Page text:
North Franklin appoints consultant for DCED program

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North Franklin supervisors on Wednesday voted to appoint a consultant to coordinate township efforts to utilize a state financial program.


Board Chairman Jim Huff said supervisors and officials met with representatives of the state’s Department of Community and Economic Development and felt comfortable moving forward with hiring the consulting firm Delta Development. Delta was chosen from three businesses that submitted bids to the township.


The firm will help North Franklin implement the DCED’s Early Intervention Program, which helps financially troubled municipalities develop and implement a multiyear financial management program. The board’s motion was contingent upon the state paying 75 percent of the consultant’s fees, while the township would pick up 25 percent of the bill. North Franklin would be responsible for $13,220 of the total $52,875 fee.


The township applied for the Early Intervention Program in November, shortly after learning the 2013 preliminary budget would run a deficit of roughly $40,000. However, according to township manager Bill Boucher, North Franklin ultimately passed a balanced final budget and the township was $120,000 in the black two months into the year.


After confirming Delta Development, the board went into an executive session for nearly an hour before returning to pass a number of motions that sought to oversee the actions of township employees. Motions were passed directing all employees working in the township office to punch in and out using the time clock, requiring them to request time off five calendar days in advance and terminating all township credit cards. The board also voted to define the township manager’s hours as 8 a.m. to 2 p.m.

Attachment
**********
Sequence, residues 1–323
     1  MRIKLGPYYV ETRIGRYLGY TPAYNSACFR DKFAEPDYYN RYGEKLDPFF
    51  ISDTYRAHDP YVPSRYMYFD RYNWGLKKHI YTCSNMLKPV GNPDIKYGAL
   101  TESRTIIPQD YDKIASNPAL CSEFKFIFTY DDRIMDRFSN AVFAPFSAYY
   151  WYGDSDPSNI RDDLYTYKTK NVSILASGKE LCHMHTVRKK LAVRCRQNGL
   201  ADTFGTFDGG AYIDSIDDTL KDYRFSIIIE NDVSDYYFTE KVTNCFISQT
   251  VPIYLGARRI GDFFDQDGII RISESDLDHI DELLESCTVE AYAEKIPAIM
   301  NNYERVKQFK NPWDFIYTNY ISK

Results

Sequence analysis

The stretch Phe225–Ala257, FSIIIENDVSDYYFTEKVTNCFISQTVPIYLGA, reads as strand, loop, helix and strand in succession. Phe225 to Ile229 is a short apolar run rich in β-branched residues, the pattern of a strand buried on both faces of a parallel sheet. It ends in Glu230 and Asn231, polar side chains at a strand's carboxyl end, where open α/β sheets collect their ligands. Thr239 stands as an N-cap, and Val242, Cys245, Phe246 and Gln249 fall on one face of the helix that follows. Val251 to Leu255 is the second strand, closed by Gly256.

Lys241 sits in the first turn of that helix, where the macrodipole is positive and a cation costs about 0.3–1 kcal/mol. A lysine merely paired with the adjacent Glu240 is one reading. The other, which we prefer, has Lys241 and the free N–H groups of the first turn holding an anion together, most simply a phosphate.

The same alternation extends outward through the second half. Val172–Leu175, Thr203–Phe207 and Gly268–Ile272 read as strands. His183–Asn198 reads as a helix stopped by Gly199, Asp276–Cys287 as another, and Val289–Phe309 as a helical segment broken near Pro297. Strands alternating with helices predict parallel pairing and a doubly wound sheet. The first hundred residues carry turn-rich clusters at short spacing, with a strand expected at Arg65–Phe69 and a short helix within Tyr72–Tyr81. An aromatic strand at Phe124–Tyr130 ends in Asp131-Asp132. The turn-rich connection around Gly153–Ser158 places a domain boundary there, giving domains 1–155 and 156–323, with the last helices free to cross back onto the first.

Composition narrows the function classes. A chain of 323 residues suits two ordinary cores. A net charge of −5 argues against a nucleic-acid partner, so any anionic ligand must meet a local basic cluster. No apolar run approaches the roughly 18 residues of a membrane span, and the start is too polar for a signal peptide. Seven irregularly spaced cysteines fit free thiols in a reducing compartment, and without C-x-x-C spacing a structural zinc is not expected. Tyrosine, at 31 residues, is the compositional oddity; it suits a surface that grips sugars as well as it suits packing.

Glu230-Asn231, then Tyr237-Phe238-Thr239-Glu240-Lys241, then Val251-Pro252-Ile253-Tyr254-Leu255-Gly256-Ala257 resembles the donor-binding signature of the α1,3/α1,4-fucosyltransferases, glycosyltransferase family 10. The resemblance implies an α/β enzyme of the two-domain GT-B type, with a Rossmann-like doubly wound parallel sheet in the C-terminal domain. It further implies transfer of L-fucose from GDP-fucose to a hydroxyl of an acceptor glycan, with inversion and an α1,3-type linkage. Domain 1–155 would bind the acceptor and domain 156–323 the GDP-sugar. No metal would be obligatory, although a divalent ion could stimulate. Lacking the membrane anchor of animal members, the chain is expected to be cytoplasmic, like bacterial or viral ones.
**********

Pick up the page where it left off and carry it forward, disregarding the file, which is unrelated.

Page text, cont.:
All of the motions were passed unanimously.


The actions seemed to be directed toward Boucher, who has been the focus of supervisor action in the past. During a March meeting, supervisors voted to reinforce an ordinance stating only township supervisors could hire personnel after it appeared Boucher had paid a vendor to clean carpets in the township office.


After the meeting, Boucher said the moves basically came down to a personal disagreement between him and the board’s chairman.


“Jim Huff has a personal vendetta against me and is willing to take things out of context and present things as fact,” Boucher said. “It’s just a smokescreen. It’s politics in its purest sense.”


Boucher said the time card issue stemmed from his receiving early morning phone calls from supervisors before his shift began, and that he was instructed by Supervisor Dennis Dydiw to keep track of those instances. Boucher said he and Huff have been at odds since a disagreement over a state audit in October that ultimately led to township workers receiving roughly $34,000 in back pay due to a cost-of-living oversight.


Huff did not return a telephone call seeking comment Thursday.


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